Photosynthetic carbon isotope discrimination in trees: observations, predictions, and drivers

Category: Time:
Wednesday, September 13, 2023 - 12:00 to 13:00
Room: URL: Speaker:
Soumaya Belmecheri
Associate Professor, Laboratory of Tree-Ring Research, University of Arizona
Pamela Pelletier
Calendar Status:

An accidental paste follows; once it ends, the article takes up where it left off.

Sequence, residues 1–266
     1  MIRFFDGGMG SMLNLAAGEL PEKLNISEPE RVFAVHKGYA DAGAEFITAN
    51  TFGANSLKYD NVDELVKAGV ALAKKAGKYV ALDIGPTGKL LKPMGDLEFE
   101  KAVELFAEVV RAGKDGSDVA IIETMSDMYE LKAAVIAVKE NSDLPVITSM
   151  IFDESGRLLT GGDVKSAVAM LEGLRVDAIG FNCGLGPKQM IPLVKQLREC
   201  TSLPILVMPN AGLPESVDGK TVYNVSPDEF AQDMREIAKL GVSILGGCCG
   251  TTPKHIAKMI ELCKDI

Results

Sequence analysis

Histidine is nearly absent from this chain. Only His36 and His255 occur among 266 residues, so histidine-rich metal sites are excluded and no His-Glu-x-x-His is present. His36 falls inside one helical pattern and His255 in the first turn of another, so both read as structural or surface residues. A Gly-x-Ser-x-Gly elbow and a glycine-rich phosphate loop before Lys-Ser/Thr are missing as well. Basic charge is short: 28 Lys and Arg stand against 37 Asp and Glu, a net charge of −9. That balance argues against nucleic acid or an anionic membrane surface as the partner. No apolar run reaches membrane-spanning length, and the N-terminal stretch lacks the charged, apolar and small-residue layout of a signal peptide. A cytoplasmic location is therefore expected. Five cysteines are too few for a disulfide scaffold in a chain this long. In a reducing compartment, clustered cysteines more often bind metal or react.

Abstract: Under elevated CO2, photosynthetic carbon isotope discrimination is expected to increase in response to photosynthesis stimulation driven by the growth of atmospheric CO2. While this response is widely documented in laboratory, field experiments and short-term observations, long-term proxies indicate that such response is not universally observed in forested ecosystems. Here, the historical trends of  photosynthetic carbon isotope discrimination derived from carbon isotope measurements of tree rings (Δ13C) are investigated from a large set of chronologies across a variety of climate regions and biomes. The Δ13C response to CO2 is predicted from a recent meta-analysis of paleo and elevated CO2 data to detect and quantify the magnitude of Δ13C change-if any- driven solely by increases in atmospheric CO2. The deviation of observed tree-ring Δ13C from the predicted in response to CO2 only is then assessed. The majority of tree-ring chronologies (~80%) exhibited a negative deviations from the expected Δ13C if driven by a CO2 stimulation of photosynthesis (A). Chronologies with negative deviations were negatively correlated with vapor pressure deficit (VPD), and correspond to sites with a  maximum of 30% increase in VPD over the period of record. The widespread negative Δ13C deviations are consistent with a reduction of stomatal conductance (gs) or A having not increased as much as expected for a given CO2-driven stimulation of A. The documented trends in tree-ring records of carbon isotope discrimination, together with lower sensitivity of gross primary production recently reported in mature forests under elevated CO2 challenges the type and magnitude of tree’s response to increasing or elevated CO2 and its attribution as the driver of the terrestrial Carbon sink.